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  #1  
Old 03-15-2011, 05:29 AM
Larry DeCamp's Avatar
Larry DeCamp Larry DeCamp is online now
 
Join Date: Apr 2010
Location: Clinton, Indiana
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Default RV-3B Aileron bellcrank

The 3B bellcrank is steel. Supposedly, the earlier RV3 ailerons were lighter in feel and not steel. Can anyone confirm the older bellcranks were different, and how so ?
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  #2  
Old 03-15-2011, 04:29 PM
Chuck Brietigam Chuck Brietigam is offline
 
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Location: Louisville, Ky
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Default RV-3 Bellcrank

Hello Larry,
There is a world of difference between the original aileron bellcrank design and the current design. And, there is a noticeable difference in control feel/loading. The earlier bellcrank is basically attached to a main wing rib. In the current design, the aileron bellcrank is attached to the main spar web and does not provide the same differential throw. The geometry of both designs are completely different. And, the force feel on the current design is greater than the earlier design.
I have flown planes with both aileron designs and I prefer the lighter stick forces of the older bellcrank. The planes are just more responsive. Dave Sloan built his RV-3B after having built and flown an RV-6A. During his initial test period Dave modified the aileron bellcrank of his RV-3B to better approximate the differential throw of the original design. He said the changes noticeably improved the handling qualities. Jim Winning flew Dave's RV-3B before and after the changes and can further attest to positive change.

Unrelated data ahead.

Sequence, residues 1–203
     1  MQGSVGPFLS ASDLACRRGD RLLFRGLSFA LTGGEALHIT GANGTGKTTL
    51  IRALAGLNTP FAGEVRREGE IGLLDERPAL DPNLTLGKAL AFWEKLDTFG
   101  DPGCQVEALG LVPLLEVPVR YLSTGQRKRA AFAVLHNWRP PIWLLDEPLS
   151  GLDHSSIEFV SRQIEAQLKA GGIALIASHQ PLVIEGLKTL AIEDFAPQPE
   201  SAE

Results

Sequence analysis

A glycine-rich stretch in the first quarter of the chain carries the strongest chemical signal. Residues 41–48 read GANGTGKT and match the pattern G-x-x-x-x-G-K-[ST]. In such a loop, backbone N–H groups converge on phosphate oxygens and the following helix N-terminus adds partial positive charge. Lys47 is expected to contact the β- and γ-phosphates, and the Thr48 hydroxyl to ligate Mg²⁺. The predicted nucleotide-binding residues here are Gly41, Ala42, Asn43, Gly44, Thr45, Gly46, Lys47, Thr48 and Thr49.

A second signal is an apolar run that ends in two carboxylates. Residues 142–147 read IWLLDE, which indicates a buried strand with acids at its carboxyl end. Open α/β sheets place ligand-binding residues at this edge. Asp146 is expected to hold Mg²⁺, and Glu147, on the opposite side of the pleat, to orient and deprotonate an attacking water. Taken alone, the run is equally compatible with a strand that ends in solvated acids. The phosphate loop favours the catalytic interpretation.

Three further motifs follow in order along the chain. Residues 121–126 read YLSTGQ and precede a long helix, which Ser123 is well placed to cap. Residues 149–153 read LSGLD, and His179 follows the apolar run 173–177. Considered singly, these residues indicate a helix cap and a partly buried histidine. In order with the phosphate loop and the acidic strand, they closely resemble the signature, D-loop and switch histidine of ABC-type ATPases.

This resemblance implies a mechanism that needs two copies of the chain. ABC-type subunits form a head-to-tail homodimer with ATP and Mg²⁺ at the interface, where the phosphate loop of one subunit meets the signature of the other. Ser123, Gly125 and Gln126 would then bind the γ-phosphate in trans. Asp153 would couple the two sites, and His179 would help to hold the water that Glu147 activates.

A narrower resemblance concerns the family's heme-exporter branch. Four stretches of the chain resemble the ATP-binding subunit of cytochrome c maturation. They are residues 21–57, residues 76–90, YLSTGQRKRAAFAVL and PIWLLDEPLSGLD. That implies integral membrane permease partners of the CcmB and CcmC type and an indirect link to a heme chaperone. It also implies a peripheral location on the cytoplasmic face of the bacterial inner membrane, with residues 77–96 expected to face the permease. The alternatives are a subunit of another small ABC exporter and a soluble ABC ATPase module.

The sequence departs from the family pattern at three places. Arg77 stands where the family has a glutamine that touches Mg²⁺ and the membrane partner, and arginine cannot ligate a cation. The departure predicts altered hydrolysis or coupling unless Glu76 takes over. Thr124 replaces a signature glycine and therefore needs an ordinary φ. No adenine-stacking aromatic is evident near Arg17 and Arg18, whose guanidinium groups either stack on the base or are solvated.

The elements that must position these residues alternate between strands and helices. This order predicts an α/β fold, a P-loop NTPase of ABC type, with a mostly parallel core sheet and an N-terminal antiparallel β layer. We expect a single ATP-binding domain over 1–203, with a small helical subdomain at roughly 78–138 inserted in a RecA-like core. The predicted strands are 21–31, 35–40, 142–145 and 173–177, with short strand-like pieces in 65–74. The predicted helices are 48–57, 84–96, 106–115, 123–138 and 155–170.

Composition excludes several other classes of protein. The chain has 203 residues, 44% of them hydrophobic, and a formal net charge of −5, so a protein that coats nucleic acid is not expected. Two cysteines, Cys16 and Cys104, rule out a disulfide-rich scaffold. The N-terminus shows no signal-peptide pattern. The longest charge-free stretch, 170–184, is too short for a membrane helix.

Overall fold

Chuck Brietigam
RV-3 (IO-320/ Hartzell) RV-6XL (TO-540/MacCauley)
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  #3  
Old 03-15-2011, 04:31 PM
David Paule David Paule is offline
 
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Is there any place that older geometry is posted?

Dave
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  #4  
Old 03-15-2011, 06:09 PM
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rocketbob rocketbob is offline
 
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No pics but Jim is a good friend of mine and I did see the bellcranks before and after he modified them. I'm sure Jim would be happy to modify the bellcranks for you if you provide him a set and a few bucks.
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  #5  
Old 03-15-2011, 06:26 PM
HFS HFS is offline
 
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Location: Lemoore, CA
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Default Older Style RV-3 Aileron Bellcrank

Anyone who has an older set of plans (like me for instance - S/N 11226, 1992) has the older bellcranks (and mounting) called out on their original plans. Although my kit is a currently purchased one, I am using some of the old style parts when the result is proven to be better. I just finished a set of old style bellcranks for my project a couple of days ago.